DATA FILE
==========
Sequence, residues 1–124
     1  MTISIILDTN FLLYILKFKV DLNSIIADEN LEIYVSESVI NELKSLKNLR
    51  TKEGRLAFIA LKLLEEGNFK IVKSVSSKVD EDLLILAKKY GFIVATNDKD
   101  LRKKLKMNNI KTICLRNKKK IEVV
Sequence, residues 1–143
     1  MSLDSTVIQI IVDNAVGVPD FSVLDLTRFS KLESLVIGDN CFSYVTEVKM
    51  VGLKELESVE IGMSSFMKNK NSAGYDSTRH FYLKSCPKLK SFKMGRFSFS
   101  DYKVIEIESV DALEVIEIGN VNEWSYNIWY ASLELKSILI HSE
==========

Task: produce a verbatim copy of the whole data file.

Sequence, residues 1–124
     1  MTISIILDTN FLLYILKFKV DLNSIIADEN LEIYVSESVI NELKSLKNLR
    51  TKEGRLAFIA LKLLEEGNFK IVKSVSSKVD EDLLILAKKY GFIVATNDKD
   101  LRKKLKMNNI KTICLRNKKK IEVV
Sequence, residues 1–143
     1  MSLDSTVIQI IVDNAVGVPD FSVLDLTRFS KLESLVIGDN CFSYVTEVKM
    51  VGLKELESVE IGMSSFMKNK NSAGYDSTRH FYLKSCPKLK SFKMGRFSFS
   101  DYKVIEIESV DALEVIEIGN VNEWSYNIWY ASLELKSILI HSE